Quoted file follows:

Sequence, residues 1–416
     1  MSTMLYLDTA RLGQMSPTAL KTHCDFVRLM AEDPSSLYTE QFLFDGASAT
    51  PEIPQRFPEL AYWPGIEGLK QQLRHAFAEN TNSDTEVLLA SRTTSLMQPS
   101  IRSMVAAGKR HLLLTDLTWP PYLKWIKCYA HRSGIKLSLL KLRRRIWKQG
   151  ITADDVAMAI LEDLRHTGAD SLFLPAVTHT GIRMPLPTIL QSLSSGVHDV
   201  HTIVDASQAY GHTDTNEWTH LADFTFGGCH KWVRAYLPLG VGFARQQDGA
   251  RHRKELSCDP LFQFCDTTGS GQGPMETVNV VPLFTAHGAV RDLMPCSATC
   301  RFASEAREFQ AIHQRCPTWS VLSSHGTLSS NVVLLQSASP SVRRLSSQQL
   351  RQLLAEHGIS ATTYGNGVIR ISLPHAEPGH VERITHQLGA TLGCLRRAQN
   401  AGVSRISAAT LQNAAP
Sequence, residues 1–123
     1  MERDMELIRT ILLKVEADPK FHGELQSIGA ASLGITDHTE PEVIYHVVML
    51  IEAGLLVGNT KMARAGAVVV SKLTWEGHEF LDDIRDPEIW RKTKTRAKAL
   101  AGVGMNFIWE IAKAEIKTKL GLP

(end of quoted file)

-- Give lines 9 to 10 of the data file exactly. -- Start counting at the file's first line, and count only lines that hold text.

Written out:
   351  RQLLAEHGIS ATTYGNGVIR ISLPHAEPGH VERITHQLGA TLGCLRRAQN
   401  AGVSRISAAT LQNAAP